Antonio Lupiañez and Salvador Alasino of Vida Bandida motorcycles are two Argentinian Industrial Designers who devote their spare time to modifying motorcycles. As a personal project, they decided to build a cafe racer using something other than the “go to” 70s and 80s Japanese motorcycles. They wanted to show their customers that not all builds had to be based on tired old donors and the bike they chose for the challenge was Honda’s 250cc trail bike, the Tornado.
When converting a trail bike into a cafe racer there are some significant hurdles to overcome. Trail bikes stand tall, have large diameter wheels and suspension that’s designed especially for undulating terrain. They also have little to no visual features that embody café racer styling. So, it goes without saying that Antonio and Salvador had their work cut out for them.
“We wanted to do something clean and pure,” says Antonio so the project began with a teardown and a dramatic frame overhaul. After cutting away the entire rear triangle of the frame a whole new subframe was designed that would see the Honda converted from a mono-shock setup to a more classically styled twin shock configuration. Shock mounts were incorporated into the new frame and custom brackets added to the swingarm to accept a pair of Harley Davidson 883 Sportster shocks. This task is the one that Antonio says was the most challenging aspect of the build, but essential to getting a more period correct appearance.
A brat inspired seat and short fender wrap up the Honda’s rear end and a pair of indicators sit out of view beneath the rear loop. The new brake light is a custom creation put together using the red lens from a bicycle light, a section of 50mm alloy pipe and some brass and copper caps turned on the shop lathe. Since none of the original bodywork was suited to the build Antonio retrofit a 1960s Harley Davidson fuel tank by fabricating new mounts that sit it level on the frame.
In order to lower the Honda’s front end, the fork legs have been shortened by a whopping 170mm. To cope with the drop in height and shorter travel they’ve been stiffened with new internals. Along with a set of clip-on bars, the boys added sleeves between the triple clamps to fatten up the front end and mounted an 883 Sportster headlight between them. Electrics have been relocated to beneath the fuel tank and the battery lives under the swingarm to help lower the bike’s center of gravity.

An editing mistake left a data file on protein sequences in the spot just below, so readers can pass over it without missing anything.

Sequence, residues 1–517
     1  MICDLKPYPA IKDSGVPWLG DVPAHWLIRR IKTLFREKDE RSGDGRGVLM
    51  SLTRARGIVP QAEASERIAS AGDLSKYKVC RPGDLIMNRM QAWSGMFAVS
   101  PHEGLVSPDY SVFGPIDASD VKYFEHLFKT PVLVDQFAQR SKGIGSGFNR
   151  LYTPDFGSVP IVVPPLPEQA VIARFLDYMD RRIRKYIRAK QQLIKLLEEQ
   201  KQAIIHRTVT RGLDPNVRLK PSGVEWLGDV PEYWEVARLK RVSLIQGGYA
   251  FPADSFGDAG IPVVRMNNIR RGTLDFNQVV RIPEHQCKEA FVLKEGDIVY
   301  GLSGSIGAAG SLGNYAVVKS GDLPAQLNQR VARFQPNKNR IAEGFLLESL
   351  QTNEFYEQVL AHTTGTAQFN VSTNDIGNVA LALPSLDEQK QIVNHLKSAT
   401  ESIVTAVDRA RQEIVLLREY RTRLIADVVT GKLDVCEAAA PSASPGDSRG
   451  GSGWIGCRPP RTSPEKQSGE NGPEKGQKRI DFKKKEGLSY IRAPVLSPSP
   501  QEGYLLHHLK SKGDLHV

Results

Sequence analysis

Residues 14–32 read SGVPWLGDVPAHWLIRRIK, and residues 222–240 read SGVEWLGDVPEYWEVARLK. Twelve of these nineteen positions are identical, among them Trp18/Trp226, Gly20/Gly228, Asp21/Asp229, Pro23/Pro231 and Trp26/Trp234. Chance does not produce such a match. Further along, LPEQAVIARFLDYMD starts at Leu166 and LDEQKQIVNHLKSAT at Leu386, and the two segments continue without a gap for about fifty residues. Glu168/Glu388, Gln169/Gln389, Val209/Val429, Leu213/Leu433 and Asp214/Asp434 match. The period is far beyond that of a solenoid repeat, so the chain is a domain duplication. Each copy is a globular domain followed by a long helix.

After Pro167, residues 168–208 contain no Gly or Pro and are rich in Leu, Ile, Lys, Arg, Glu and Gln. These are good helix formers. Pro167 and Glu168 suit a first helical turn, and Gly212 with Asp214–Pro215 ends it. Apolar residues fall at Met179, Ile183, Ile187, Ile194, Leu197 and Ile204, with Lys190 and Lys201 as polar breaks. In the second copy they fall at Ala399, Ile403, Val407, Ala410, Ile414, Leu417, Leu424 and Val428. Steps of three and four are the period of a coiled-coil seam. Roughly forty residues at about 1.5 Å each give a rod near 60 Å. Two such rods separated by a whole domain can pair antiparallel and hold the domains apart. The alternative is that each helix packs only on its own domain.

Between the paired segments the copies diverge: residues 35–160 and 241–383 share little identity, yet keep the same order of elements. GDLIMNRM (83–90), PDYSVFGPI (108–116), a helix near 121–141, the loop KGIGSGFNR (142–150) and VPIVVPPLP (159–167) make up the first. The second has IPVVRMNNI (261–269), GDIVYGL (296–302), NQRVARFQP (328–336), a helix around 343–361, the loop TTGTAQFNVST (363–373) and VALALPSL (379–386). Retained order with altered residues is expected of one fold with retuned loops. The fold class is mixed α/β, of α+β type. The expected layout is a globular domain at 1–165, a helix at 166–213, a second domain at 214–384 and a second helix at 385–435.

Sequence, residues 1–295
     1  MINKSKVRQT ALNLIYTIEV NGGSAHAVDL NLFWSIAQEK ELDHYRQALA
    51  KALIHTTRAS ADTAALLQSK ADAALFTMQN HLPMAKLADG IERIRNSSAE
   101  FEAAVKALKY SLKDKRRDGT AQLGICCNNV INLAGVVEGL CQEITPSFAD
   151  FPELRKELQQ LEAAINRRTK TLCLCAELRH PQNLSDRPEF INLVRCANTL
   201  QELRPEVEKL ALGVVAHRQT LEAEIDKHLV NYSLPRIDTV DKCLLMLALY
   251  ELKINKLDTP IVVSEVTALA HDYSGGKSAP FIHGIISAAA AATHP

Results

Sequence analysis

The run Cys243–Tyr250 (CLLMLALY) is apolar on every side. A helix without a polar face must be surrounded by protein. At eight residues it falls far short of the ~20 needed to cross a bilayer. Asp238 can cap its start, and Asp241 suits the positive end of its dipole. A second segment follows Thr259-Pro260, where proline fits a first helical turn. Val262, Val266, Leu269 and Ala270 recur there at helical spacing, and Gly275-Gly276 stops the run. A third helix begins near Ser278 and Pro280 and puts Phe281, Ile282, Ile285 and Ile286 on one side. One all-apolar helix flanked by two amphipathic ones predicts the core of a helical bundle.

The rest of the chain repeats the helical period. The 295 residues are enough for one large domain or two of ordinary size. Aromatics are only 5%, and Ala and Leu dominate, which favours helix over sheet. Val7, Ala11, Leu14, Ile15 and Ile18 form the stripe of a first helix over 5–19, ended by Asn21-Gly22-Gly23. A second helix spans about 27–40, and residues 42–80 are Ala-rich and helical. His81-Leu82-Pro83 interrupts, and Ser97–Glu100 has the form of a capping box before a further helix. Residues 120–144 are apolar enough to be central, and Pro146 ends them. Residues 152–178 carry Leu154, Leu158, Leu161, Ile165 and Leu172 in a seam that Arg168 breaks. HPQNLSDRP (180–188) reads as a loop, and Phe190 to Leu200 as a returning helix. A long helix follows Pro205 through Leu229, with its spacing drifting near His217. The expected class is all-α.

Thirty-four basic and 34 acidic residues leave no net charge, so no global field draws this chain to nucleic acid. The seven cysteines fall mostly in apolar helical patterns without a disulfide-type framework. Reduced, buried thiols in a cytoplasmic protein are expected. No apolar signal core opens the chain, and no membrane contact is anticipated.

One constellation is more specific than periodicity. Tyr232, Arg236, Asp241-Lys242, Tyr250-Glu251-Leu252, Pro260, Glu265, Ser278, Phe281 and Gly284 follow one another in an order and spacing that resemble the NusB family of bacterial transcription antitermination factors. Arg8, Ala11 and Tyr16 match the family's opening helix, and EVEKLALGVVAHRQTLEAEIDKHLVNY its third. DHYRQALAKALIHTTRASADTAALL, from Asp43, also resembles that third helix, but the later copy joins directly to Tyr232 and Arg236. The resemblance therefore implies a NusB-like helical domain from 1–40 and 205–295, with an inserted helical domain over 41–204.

The engine remains untouched internally but its exterior had been given a refresh with new paint and polished side covers. The carbs now inhale freely through conical filters and the engine exhales via a custom exhaust system and throaty stainless muffler.
To complete the Tornado’s stance the Honda hubs were laced to 16-inch rims wearing chunky Shinko rubber. Although I will admit some aspects of this café racer many be more design focused than functional, the boys have certainly proved their point.
As I’m typing this I find myself thinking that it actually makes a lot of sense to use a trail bike as the basis for a cafe racer build. They’re light, lack complicated electrics and are geared for good fun, yet they are often overlooked. This is undoubtedly because it takes a fair whack of work and a good eye to transform a trail bike into a motorcycle that’s worthy of being considered a cafe racer.